UK police brief students at school of Syria-bound girls
The headmaster of a London school attended by three girls believed headed for Syria on Monday called for their return as police briefed staff and students on the threat of radicalisation.
Mark Keary, headmaster of east London's Bethnal Green Academy, said the visiting police officers were part of a "support team" from the government's Prevent programme called in following the girls' disappearance last week.
Around ten police stood on duty outside the secondary school, as pupils made their way back to school for the first time since police on Friday launched an appeal to find the missing teenagers.
Keary said police had indicated there was "no evidence that radicalisation of the missing students took place at the academy".
"It is clear that this is an international issue which is increasing in severity and it's affecting schools across the country and beyond," he said.
Kadiza Sultana, 16, and 15-year-olds Shamima Begum and Amira Abase, left their homes last week and flew to Istanbul, raising concerns they would travel on to Syria to join Islamic State jihadists.
Prime Minister David Cameron on Monday said he was "horrified by the way that British teenagers appear to have been radicalised and duped by this poisonous ideology of Islamist extremism while at home on the internet in their bedrooms.
"They appear to have been induced to join a terrorist group that carries out the most hideous violence and believes girls should be married at nine and women should not leave the home," he told parliament.
- Mosque appeal -
Around 500 British nationals are believed to have travelled to Iraq and Syria to join the IS group.
Sultana and Begum are British nationals, while Abase is a German citizen.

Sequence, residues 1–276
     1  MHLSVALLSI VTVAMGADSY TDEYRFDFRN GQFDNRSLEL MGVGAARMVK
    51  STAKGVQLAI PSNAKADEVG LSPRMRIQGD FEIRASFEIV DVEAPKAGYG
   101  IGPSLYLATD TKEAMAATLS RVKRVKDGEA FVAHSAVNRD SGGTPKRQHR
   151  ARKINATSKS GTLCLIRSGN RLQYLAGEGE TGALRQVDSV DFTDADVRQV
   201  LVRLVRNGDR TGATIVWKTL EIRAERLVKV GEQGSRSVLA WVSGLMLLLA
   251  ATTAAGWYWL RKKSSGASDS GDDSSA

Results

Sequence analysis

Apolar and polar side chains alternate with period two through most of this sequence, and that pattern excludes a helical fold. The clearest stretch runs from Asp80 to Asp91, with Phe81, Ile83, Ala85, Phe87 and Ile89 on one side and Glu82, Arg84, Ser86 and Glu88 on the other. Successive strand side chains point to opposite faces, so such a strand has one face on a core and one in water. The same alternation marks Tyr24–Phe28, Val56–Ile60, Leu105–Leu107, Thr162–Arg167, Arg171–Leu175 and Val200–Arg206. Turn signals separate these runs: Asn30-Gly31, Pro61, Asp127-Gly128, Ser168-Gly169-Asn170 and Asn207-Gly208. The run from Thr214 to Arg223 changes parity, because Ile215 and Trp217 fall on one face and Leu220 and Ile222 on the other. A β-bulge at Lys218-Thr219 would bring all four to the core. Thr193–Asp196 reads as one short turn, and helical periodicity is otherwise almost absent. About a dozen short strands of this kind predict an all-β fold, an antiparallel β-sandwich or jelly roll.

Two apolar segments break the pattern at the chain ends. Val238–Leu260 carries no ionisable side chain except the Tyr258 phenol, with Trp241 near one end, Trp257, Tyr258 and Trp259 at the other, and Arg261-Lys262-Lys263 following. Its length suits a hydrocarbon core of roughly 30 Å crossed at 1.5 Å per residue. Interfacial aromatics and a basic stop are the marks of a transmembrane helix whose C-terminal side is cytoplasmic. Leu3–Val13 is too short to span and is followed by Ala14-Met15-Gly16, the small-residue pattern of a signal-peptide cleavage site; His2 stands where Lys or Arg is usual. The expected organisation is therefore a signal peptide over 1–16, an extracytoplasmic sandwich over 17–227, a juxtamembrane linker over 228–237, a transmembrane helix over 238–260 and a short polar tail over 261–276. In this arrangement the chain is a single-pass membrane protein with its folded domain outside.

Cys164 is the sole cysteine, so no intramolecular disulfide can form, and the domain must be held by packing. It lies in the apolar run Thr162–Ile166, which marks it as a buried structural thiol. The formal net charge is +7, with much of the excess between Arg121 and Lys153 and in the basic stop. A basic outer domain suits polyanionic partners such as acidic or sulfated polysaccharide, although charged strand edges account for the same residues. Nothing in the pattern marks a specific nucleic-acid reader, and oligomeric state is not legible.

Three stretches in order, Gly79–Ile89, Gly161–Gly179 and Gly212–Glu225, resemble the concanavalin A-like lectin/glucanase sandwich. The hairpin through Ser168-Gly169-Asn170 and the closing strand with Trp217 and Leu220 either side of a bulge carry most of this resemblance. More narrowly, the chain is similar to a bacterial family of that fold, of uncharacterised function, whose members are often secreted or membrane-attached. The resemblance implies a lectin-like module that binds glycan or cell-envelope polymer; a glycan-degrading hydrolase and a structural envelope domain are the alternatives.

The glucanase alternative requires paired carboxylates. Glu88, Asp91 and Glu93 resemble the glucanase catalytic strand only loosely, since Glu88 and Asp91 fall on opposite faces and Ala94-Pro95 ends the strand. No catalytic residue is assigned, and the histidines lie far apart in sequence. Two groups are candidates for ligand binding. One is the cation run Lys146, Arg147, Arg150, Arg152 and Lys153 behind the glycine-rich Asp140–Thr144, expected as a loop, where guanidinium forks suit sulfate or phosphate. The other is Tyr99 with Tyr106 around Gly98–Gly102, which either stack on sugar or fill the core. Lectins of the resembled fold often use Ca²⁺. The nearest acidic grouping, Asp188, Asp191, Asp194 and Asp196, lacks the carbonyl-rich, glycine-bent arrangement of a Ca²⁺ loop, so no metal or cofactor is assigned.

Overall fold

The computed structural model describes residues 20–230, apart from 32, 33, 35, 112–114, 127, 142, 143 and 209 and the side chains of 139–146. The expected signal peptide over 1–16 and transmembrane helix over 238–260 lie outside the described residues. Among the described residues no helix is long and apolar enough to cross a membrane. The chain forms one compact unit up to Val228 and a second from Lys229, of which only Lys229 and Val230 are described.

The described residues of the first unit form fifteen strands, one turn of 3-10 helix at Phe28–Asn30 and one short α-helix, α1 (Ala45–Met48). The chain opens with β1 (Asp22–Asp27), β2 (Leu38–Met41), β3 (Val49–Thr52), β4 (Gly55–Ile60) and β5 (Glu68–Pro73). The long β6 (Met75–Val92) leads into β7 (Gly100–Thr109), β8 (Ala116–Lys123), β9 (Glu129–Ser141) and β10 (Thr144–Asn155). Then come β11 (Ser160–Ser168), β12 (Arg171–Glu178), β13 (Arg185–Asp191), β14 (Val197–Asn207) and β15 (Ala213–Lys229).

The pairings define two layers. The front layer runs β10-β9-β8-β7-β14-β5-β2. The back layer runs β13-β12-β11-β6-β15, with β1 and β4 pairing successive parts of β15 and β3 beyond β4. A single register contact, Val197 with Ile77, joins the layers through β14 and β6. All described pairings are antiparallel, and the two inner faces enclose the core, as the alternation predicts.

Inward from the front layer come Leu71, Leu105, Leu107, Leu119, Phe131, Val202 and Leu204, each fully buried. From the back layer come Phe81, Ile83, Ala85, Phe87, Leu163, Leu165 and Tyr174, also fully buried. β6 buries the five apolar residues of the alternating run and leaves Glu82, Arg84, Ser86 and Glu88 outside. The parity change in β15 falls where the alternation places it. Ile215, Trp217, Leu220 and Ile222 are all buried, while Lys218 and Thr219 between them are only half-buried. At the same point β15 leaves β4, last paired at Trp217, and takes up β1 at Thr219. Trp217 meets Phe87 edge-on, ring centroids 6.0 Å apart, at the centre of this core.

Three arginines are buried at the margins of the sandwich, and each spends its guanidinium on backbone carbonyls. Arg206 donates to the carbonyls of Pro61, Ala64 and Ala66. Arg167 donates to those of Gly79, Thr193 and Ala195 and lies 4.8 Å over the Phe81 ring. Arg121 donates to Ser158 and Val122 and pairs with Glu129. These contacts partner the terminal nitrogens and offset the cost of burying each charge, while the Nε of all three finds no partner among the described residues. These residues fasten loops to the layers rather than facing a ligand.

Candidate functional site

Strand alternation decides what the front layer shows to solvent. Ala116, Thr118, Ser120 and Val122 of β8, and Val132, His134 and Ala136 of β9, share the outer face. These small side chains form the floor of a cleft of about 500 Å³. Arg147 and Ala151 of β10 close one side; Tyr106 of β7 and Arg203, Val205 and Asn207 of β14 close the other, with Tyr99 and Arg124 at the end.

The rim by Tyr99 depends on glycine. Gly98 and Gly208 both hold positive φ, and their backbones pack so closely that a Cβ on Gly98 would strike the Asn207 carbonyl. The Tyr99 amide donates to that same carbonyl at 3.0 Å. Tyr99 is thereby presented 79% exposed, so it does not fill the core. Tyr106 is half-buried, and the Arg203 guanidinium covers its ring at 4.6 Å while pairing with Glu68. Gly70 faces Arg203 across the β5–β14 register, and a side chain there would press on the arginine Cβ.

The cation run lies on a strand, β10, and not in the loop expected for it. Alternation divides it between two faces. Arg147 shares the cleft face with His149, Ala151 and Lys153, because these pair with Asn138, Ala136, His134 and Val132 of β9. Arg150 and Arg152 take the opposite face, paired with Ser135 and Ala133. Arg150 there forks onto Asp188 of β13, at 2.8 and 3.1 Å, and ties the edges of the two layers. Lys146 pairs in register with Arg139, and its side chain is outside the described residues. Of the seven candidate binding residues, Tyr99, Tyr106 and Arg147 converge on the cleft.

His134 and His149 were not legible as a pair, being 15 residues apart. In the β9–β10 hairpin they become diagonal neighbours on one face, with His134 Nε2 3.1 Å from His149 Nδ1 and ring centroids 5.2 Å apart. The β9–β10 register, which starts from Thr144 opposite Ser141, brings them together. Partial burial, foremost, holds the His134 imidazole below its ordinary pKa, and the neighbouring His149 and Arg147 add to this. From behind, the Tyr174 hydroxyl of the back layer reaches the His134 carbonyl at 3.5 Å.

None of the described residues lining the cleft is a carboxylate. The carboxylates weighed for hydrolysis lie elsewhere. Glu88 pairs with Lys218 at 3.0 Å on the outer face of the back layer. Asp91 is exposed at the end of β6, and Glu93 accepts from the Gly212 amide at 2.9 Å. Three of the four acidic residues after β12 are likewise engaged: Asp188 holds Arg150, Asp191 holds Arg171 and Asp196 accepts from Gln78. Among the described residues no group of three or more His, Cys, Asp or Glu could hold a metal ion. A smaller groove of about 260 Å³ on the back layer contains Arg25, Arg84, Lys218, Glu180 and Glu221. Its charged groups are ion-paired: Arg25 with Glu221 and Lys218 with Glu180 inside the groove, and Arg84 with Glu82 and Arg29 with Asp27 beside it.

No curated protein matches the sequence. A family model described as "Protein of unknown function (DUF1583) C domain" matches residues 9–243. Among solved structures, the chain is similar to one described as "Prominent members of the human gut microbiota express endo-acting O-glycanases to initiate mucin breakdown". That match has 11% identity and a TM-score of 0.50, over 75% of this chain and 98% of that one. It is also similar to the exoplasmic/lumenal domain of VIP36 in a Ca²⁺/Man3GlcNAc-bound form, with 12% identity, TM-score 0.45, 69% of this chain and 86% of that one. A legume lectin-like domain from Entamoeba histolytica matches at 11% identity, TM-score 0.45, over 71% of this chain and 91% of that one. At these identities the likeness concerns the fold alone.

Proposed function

The three were all friends with another student at the school who left for Syria in December, one of some 550 Western women believed to have gone to Syria.
"Our thoughts are with the families of the missing girls as we await news and hope for their safe return," Keary said.
He added that he would seek to ensure that school life for the 1,200 students and staff at Bethnal Green Academy was "business as usual".
Police have made an unprecedented appeal for the girls to come home but the case has sparked a heated debate over whether police could have acted sooner and whether warning signs were missed.
Keary said the school had "an outstanding system of pastoral care" and restricted access for students to Facebook and Twitter on its computers.
Someone using a Twitter account in Begum's name last Sunday seems to have contacted Aqsa Mahmood, a woman from Glasgow, Scotland, who reportedly travelled to Syria last year to marry an IS group fighter.
"A core aspect of our ethos is to promote the British values of democracy, tolerance and respect, particularly respect for other cultures," Keary said.
On Friday there was a call by the nearby East London Mosque for worshippers to help track the girls.
"There was an appeal in the mosque, that if anyone has any information, they should come forward," said worshipper Suleman Shahbaz, who explained that the local Muslim community was being educated in the fight against radicalisation.
"I went to a talk last week and we were given guidance, so if we come across individuals that are maybe persuading the younger generation to do unlawful things, then we should desperately speak out," he said.
Britain has prosecuted people for preparing to join IS and the authorities have seized passports from would-be jihadists under powers that have been reinforced by a new security law passed this month.
© 2015 AFP